Epidemic: a disease outbreak in a community or region
Flattening the curve: refers to the epidemic curve, a statistical chart used to visualize the number of new cases over a given period of time during a disease outbreak. Flattening the curve is shorthand for implementing mitigation strategies to slow things down, so that fewer new cases develop over a longer period of time. This increases the chances that hospitals and other healthcare facilities will be equipped to handle any influx of patients.
Incubation period: the period of time between exposure to an infection and when symptoms begin.
Isolation: the separation of people with a contagious disease from people who are not sick.
Mitigation: refers to steps taken to limit the impact of an illness. Because no vaccines exist to prevent COVID-19 and no specific therapies exist to treat it, mitigation strategies may include frequent and thorough handwashing, not touching your face, staying away from people who are sick, social distancing, avoiding large gatherings, and regularly cleaning frequently touched surfaces and objects at home, in schools, at work, and in other settings.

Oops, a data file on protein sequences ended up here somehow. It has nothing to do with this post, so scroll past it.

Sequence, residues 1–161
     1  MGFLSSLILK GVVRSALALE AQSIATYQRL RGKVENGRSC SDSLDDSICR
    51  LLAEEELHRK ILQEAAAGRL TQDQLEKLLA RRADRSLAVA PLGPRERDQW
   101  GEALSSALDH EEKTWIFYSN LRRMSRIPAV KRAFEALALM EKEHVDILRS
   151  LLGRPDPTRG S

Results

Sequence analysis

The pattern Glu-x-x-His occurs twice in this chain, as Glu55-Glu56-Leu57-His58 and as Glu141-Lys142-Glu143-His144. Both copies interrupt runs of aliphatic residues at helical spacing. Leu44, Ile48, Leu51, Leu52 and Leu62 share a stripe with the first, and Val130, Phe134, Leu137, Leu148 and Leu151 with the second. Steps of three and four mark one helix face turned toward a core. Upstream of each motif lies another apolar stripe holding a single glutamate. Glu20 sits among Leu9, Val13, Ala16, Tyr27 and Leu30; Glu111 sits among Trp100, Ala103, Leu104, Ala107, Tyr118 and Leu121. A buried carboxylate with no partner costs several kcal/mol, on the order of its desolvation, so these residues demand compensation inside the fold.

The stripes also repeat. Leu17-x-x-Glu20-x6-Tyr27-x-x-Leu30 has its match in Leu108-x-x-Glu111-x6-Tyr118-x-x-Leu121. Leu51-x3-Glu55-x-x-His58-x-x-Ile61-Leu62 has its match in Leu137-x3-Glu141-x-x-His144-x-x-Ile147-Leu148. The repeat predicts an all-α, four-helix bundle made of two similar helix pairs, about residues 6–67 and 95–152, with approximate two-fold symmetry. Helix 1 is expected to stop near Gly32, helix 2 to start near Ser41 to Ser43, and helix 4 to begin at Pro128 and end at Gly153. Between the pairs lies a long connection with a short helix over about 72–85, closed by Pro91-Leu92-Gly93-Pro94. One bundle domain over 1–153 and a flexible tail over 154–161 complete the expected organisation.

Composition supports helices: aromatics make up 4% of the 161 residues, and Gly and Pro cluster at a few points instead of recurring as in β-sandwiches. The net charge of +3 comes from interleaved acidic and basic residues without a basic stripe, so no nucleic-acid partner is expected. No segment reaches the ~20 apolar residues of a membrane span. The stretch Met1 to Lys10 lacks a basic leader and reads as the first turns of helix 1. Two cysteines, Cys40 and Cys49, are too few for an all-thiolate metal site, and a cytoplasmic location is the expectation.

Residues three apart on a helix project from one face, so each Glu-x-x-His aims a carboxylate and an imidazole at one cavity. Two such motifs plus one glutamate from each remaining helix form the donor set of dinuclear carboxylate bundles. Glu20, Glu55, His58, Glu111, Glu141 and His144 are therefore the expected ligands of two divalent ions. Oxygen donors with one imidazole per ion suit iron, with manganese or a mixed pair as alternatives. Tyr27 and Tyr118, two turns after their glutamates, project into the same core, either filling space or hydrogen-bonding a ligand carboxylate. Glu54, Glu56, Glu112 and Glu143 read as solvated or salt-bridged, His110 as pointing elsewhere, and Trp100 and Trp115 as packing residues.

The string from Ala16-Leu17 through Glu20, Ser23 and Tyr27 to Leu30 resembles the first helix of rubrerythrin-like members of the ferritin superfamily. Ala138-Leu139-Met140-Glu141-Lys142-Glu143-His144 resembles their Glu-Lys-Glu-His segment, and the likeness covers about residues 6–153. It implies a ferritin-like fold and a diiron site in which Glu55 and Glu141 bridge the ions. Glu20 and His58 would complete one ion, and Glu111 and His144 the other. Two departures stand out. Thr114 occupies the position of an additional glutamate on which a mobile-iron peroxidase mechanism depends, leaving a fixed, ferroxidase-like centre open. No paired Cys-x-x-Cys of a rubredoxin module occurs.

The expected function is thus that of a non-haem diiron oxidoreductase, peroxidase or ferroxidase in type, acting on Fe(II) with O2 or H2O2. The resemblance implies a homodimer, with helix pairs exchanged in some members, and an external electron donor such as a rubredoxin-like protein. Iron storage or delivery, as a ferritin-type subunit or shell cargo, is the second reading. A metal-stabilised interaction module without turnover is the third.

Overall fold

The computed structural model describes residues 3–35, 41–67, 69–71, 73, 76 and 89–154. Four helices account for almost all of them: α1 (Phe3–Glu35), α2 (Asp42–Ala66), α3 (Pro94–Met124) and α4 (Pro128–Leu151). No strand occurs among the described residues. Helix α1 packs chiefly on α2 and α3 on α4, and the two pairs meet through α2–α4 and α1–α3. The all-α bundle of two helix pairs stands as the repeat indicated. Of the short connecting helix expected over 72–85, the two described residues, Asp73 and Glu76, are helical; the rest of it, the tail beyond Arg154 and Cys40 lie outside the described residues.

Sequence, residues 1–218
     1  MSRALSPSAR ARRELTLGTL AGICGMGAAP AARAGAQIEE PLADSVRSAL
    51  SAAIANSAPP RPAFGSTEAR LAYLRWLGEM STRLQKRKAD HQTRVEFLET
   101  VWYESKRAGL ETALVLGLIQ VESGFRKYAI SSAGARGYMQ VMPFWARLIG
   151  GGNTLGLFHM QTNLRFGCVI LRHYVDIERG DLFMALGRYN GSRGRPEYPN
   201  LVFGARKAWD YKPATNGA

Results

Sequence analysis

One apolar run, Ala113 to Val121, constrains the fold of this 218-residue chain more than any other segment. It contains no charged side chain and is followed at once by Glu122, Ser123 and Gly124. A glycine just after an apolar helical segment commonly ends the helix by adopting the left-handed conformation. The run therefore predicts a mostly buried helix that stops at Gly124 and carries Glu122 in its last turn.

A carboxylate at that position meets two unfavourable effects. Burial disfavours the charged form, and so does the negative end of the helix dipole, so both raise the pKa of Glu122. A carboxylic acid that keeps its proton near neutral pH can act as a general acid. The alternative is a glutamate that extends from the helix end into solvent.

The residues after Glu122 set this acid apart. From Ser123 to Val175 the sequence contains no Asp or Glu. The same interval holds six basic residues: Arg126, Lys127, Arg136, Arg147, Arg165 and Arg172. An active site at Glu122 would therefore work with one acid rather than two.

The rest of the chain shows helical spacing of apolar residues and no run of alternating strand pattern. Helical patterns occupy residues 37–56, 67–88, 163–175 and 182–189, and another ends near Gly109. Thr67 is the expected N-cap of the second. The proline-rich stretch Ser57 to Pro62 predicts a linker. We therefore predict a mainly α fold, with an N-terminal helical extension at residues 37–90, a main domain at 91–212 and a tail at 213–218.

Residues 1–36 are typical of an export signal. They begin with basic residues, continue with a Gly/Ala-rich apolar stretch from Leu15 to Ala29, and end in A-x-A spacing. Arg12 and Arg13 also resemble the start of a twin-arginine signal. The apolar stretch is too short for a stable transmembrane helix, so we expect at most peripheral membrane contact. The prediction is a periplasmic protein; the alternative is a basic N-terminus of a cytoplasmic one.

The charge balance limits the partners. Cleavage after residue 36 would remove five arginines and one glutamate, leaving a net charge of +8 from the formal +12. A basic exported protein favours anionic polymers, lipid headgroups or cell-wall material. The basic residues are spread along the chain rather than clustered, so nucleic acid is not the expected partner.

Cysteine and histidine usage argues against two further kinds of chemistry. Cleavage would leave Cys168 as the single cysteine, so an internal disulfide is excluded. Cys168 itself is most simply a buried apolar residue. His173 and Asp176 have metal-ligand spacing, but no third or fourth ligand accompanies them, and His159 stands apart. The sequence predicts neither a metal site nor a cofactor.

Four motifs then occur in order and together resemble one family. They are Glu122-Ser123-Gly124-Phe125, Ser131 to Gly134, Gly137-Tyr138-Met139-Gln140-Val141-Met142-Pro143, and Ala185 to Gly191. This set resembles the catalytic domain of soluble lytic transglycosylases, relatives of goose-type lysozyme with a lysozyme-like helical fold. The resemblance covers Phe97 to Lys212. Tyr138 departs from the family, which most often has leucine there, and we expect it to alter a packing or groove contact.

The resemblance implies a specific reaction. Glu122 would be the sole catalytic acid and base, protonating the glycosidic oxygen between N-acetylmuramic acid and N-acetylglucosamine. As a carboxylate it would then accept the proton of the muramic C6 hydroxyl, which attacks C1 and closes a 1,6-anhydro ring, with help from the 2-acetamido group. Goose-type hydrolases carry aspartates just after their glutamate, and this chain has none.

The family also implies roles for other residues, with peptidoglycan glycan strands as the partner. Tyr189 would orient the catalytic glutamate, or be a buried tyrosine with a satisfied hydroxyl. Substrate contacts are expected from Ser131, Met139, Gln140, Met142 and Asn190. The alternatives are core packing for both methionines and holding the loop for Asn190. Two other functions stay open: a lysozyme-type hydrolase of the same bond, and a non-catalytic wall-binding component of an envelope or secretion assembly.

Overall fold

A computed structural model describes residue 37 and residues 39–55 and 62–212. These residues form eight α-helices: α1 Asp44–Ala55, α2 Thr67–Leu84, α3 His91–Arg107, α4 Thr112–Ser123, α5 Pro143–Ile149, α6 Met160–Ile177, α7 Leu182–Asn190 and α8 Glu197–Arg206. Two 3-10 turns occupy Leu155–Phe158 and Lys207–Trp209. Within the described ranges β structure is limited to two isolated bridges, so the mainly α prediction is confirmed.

Pandemic: a disease outbreak affecting large populations or a whole region, country, or continent presumptive positive test result: a positive test for the virus that causes COVID-19, performed by a local or state health laboratory, is considered “presumptive” until the result is confirmed by the CDC. While awaiting confirmation, people with a presumptive positive test result will be considered to be infected.